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What Is Waterless Hand Sanitizer?

Article Details
  • Written By: Suzanne S. Wiley
  • Edited By: Rachel Catherine Allen
  • Last Modified Date: 16 December 2018
  • Copyright Protected:
    2003-2018
    Conjecture Corporation
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Waterless hand sanitizer is a gel, liquid, or foam-based cleanser that kills bacteria on human hands. Its name comes from the fact that users don’t need to be near water in order to use it. The sanitizer is usually translucent and often colorless, and it may or may not have visible additions like dissolvable beads containing moisturizer. The active ingredient is usually alcohol, but non-alcohol-based sanitizers exist and use active ingredients like benzalkonium chloride. Inactive ingredients can include moisturizers, fragrances, colors and herbal products like aloe.

Alcohol-based waterless hand sanitizer have a better reputation for killing germs than non-alcohol-based sanitizers, though the non-alcohol sanitizers are better than using nothing to clean the hands. Waterless hand sanitizer has become very common in hospitals and doctors’ offices, which have added dispensers in order to increase the number of people cleaning their hands, as regular hand washing with soap and water doesn’t always have a high compliance rate. Schools sometimes require students to carry a bottle of sanitizer along with their school supplies. These sanitizers are available in small bottles that fit in purses and backpacks, and their portability is one aspect that has made their use increase.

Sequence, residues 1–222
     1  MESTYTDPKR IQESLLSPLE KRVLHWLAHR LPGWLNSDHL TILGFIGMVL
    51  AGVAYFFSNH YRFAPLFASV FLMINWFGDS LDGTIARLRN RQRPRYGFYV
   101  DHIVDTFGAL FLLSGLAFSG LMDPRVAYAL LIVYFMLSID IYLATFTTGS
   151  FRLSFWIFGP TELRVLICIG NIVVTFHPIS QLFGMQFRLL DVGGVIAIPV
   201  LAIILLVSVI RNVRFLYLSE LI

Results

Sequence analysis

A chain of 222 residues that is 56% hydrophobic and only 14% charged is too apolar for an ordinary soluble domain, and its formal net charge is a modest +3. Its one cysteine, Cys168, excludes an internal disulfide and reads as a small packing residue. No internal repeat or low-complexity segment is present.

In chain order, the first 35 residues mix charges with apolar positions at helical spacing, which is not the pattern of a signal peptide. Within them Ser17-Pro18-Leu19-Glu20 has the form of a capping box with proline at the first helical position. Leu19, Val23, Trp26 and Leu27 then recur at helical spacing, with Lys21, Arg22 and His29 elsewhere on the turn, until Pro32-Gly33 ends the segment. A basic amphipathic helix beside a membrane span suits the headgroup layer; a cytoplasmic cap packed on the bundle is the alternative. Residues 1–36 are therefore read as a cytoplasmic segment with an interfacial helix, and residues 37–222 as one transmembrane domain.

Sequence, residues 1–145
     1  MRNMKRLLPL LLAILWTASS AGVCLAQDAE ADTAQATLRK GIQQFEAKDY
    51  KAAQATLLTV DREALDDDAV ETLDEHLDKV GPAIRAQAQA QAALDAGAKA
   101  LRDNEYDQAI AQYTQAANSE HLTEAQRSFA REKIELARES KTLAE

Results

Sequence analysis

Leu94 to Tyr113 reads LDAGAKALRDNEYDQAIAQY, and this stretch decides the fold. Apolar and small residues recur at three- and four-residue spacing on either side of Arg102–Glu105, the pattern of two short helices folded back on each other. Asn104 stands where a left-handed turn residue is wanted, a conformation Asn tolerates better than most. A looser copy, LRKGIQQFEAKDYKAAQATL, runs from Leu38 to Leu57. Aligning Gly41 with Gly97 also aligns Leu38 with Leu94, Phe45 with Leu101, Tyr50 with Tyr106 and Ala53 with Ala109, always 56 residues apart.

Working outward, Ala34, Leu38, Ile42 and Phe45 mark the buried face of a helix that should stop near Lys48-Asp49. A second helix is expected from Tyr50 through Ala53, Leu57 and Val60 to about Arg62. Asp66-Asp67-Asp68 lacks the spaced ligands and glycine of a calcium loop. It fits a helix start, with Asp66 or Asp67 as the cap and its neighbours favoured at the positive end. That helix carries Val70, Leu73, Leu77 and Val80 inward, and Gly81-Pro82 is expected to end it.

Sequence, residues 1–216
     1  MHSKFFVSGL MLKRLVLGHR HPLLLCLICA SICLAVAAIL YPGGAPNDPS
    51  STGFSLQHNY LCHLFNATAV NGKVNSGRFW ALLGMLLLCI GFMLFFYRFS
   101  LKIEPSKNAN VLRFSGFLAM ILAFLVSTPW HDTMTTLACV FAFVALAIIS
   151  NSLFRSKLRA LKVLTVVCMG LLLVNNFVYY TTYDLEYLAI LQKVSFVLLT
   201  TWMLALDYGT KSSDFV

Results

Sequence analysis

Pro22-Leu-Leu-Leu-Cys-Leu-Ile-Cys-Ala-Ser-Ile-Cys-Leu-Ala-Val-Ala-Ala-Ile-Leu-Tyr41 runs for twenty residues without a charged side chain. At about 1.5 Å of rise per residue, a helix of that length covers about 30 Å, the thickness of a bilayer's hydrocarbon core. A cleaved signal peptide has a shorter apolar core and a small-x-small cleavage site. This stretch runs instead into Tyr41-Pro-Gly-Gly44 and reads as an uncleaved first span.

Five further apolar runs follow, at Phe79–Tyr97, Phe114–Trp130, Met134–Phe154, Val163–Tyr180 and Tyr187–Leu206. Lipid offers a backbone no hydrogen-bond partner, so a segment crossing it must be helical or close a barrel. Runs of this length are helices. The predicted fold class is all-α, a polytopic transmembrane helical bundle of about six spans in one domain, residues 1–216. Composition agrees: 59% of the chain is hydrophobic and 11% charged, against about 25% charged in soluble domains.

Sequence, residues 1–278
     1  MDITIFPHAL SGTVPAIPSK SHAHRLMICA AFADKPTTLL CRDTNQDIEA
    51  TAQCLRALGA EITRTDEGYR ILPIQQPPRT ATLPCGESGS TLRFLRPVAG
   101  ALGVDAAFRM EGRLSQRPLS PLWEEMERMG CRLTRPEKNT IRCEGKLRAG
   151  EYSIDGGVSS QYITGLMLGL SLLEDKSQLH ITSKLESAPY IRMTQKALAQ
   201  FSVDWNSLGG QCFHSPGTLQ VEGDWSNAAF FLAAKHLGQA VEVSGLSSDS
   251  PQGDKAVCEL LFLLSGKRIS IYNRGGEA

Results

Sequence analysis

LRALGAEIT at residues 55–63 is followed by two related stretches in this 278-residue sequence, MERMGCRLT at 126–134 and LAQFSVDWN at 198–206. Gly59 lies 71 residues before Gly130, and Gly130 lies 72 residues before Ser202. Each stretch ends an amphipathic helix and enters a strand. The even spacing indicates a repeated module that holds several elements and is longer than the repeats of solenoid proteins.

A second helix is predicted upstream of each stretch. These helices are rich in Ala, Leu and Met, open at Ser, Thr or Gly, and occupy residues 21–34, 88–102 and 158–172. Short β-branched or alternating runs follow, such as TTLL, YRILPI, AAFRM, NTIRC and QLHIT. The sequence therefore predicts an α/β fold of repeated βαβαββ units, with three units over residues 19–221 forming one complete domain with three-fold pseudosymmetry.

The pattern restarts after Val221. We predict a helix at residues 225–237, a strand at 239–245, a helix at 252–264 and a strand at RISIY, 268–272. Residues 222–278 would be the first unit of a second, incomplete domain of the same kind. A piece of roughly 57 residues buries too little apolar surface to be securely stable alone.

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Medical professionals and health departments recommend using waterless hand sanitizers if soap and water aren’t available for hand washing. They also note that if a person’s hands aren’t visibly dirty and the person doesn’t feel anything on their hands, that person may use sanitizer to clean their hands. Situations in which sanitizer is not a good idea are when there is visible dirt on the hands or under the fingernails, after handling or being around animals, and when the person has been in an area known to be contaminated with Cryptosporidium, a bacteria that is not as responsive to the sanitizer.

The alcohol in a waterless hand sanitizer is not the kind that is drinkable, so anyone who has attempted to do so should seek medical attention immediately. Some sanitizers also contain fragrances that could aggravate sensitivities or allergies in people. This was initially a disadvantage for companies selling the sanitizers because manufacturers thought the fragrances would be well-liked, when not everyone wanted to smell them.

Antimicrobial or antibacterial resistance is not an issue with waterless hand sanitizers that contain alcohol. These do not contain the same antibacterial ingredients as antibiotics. Non-alcohol-based sanitizers that contain triclosan might be another issue, however. Triclosan is an antimicrobial ingredient that works in a way similar to those antibiotics that have been involved in the increasing incidence of antibacterial resistance.

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